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That morning, we did not get that far from the lodge; we drove all around camp (so: all the parts near the river), and then a bit further west. Lost of mixed woodland, and a huge area of bushy patches with some nice open areas here and there. And some mopane patches too. But in the afternoon Herman took us further from the lodge. the western part of Umkumbe goes all the way up to the fence, and there's a big open area there. A grass veld as far as the eye can see, with even a little stream running through it if I recall correctly.

 

Again we saw the regular plains game, but this time we had some other treats like warthogs, slender mongoose, LBR, and vervet monkeys. Top sightings that afternoon; purple roller, a very good zebra sighting, and last but not least; umkumbe (rhino). We spent a HUGE amount of time with a rhino family (male female and calf), just milling about in the long grass enjoying themselves. Such magnificent animals. I do like a bit of company now and then, but in some way we were lucky that day that there was no one else in our jeep who asked to go look for something else.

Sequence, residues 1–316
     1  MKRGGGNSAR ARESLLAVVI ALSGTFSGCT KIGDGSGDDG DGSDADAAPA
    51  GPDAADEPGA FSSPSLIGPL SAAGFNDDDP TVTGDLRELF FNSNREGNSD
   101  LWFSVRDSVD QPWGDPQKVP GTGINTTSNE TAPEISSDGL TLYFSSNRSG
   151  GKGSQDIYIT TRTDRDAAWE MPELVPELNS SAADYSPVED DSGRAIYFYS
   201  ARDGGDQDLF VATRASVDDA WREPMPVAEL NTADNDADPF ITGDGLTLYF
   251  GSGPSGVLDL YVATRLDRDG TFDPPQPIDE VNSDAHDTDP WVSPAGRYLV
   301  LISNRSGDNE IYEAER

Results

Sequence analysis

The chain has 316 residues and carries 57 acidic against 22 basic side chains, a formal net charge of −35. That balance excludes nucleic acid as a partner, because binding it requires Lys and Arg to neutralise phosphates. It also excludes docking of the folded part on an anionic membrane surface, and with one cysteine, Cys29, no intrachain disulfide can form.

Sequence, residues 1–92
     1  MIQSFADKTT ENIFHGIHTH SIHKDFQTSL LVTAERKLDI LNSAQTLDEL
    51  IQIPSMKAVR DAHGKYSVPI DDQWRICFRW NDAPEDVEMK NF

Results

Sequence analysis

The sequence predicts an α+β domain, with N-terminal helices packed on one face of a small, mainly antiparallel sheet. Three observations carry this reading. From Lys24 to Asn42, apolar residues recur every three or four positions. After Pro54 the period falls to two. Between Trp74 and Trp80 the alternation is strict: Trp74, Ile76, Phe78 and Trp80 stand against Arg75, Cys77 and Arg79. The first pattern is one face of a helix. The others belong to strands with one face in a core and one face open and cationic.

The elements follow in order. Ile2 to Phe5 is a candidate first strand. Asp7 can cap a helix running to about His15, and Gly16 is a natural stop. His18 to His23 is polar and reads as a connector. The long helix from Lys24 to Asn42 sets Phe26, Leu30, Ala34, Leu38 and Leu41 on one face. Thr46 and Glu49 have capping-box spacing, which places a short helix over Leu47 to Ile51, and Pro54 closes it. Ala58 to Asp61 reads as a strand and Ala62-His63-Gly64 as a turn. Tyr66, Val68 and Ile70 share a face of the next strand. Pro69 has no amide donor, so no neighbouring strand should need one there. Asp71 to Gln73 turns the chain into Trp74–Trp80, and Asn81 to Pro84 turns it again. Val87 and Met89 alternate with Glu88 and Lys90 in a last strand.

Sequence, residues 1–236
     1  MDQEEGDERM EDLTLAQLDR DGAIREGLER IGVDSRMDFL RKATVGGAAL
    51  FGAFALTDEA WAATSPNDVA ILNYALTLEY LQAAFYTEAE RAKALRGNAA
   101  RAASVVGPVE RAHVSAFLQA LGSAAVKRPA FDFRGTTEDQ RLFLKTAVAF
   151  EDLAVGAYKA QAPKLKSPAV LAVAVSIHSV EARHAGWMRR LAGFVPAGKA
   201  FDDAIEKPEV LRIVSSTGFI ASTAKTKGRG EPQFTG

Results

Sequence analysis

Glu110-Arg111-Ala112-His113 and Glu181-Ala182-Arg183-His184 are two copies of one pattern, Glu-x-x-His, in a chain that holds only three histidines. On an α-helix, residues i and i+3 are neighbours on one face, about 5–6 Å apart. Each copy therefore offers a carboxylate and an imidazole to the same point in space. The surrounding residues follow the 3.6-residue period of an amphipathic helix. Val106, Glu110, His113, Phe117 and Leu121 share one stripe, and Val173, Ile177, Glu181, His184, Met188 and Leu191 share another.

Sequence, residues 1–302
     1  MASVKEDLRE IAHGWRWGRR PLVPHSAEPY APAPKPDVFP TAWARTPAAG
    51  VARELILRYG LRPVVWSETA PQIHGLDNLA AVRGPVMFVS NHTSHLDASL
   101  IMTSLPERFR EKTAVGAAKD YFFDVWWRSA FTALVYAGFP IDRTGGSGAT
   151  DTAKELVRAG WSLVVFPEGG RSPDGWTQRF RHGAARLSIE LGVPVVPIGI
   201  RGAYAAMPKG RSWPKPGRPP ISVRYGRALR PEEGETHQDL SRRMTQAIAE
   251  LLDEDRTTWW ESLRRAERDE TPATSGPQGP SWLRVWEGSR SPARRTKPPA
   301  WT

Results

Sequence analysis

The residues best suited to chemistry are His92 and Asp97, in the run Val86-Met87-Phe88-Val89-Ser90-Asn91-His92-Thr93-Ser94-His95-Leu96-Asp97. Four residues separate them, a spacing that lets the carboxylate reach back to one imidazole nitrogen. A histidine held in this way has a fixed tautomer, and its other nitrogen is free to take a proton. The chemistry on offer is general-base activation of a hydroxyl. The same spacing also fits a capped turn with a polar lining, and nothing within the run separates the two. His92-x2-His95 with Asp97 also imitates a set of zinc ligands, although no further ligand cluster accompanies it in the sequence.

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After sundowners, the night drive revealed hyena, chameleon, civet (video only), scrub hare, and even a mouse.

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Jochen

Why are they discontinuing group bookings?

 

I think it's a combination of things.

 

First of all; it could be that groups get in the way of regular visitors too much. I mean; those groups come for a much lower price I presume (there's groups, like church groups, whose prime focus is not even on wildlife). So if you cannot book a "regular" customer because a group is taking the rooms ..you end up losing money.

Secondly I also think it's the work involved; catering for big groups, making sure they can all go on a drive if needed, providing space and equipment to give lectures, ... all that kind of stuff.

 

Mind you; I am sure they will still book groups (and even give a good group discount :lol: ) but then only for people using the regular rooms and following the regular (game drive) regime. The dorm is definitely going to be turned into something else.

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Jochen

Day two!

 

That morning we got a nice impala show. It's rutting season, so the males chase each other around, and chase their females around as well. Incredible how high an impala can jump. Again the usual suspects after that. Had very good sightings that morning of waterbuck and bateleur.

 

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(sorry for not describing more sightings. We DID get plenty to see, but nothing special so I just treasured the moment, did not take pics ...and by now I forgot what we exactly saw).

 

In the afternoon we went to the plains again. This time we were treated with more rhino, and a nice elephant herd.